Gov. Jerry Brown’s May budget revision released on Thursday included about $381 million in health care revenue that wasn’t in the previous January budget proposal. Health care advocates wondered which programs might be funded by the new federal money, but the governor has proposed absorbing it into the general fund.
The estimated $381 million comes from the federal Children’s Health Insurance Program. The California Legislative Analyst’s Office had a different estimate of $450 million from CHIP this year, with an increase to $600 million next year.
The state budget proposal calls it “$381 million in savings.”
“They’re not demonstrating where they’re spending that money, especially for children’s health care. And that’s where it’s supposed to be spent,” said Kathryn Dresslar, director of Sacramento governmental affairs at The Children’s Partnership.
“It’s what they systematically do, overestimating expenditures and underestimating revenues,” Dresslar said. But whether the figure is $450 million or $381 million, she said:
“That’s a lot of money. We would like to see the administration make some kind of effort to address the serious questions of access for children, particularly dental access,” Dresslar said.
That’s being done, state officials said.
“It is in the health budget,” said Diana Dooley, Secretary of California HHS. “In broad terms, the Medicaid budget is $95 billion this year, and it’s a big expenditure. We have increases and reductions based on a variety of issues, and the funding is not specific to the source. So if we have savings in one place, we have spending in another.”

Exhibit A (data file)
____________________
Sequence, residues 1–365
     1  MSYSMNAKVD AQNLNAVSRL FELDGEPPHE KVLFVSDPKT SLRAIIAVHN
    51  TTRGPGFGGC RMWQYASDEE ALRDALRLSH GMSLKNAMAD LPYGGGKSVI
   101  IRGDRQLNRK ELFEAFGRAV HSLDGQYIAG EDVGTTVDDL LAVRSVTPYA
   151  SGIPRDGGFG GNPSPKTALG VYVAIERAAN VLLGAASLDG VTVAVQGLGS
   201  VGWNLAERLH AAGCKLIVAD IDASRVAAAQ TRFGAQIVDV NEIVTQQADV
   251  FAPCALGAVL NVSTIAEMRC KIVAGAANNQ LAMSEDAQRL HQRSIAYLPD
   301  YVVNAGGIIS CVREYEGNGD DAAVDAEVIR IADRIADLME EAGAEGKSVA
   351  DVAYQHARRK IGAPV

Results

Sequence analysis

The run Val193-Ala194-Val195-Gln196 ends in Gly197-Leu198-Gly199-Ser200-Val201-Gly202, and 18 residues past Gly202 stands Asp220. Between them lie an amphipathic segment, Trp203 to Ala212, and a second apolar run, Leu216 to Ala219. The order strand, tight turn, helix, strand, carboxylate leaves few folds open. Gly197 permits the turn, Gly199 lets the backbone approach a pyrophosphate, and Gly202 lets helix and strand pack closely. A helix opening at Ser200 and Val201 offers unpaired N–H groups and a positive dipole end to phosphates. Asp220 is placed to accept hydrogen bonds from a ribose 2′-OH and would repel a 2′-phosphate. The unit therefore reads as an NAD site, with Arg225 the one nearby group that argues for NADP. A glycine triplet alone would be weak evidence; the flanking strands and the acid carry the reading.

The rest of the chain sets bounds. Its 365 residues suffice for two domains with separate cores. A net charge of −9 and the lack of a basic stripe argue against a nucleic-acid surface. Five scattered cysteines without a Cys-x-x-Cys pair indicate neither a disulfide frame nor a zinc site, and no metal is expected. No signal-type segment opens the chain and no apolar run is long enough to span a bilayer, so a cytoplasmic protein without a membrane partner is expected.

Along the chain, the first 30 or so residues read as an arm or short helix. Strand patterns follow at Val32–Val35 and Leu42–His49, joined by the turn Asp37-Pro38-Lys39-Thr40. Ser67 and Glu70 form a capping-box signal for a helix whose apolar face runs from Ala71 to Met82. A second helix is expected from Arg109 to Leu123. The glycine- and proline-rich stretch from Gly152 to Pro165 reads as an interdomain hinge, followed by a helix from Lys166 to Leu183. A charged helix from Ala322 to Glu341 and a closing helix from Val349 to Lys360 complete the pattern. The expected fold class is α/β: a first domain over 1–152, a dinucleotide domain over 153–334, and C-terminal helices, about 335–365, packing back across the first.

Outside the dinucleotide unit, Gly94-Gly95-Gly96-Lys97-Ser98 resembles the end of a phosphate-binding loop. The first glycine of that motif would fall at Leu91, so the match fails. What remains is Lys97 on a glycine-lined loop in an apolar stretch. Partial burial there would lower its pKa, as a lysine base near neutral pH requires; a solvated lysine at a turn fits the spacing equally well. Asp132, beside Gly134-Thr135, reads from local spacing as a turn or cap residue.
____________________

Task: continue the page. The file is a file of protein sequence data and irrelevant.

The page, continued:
That explanation was echoed by Jennifer Kent, director of the Department of Health Care Services.
“When you look at the parts of the program,” Kent said, those parts “were either under or over what we came up with in January.”
Dooley said there may still be some shuffling of funding as the Legislature takes up the debate next week.
“We will be having conversations with the Legislature about … modifications, about places we would rather spend money,” Dooley said. “But we will live within the means.”
Advocates say the budget picture looks a lot brighter than 2011, when the governor and Legislature came up with a series of cuts to health care programs, including a 10% Medi-Cal provider rate reduction. At the least, they say, the federal money for children’s health that has been added into the May revision should go to children’s health programs.
Lobbying efforts for new funding have included:
- Restoration of the 2011 Medi-Cal provider rate reduction;
- A hike in provider rates for the top 10 dental procedures, to bring them in line with the national average;
- Strengthening the early learning and child care system in California; and
- Providing health care to undocumented immigrants.
The governor indicated he would veto legislation to extend full-scope health benefits to the undocumented, if SB 4 by Sen. Ricardo Lara (D-Bell Gardens) was passed by the Legislature and appeared on his desk.
“This is the governor’s May revise, there’s still time,” Dresslar said. “The Legislature ultimately decides where the money goes. We’ll make our pitch.”
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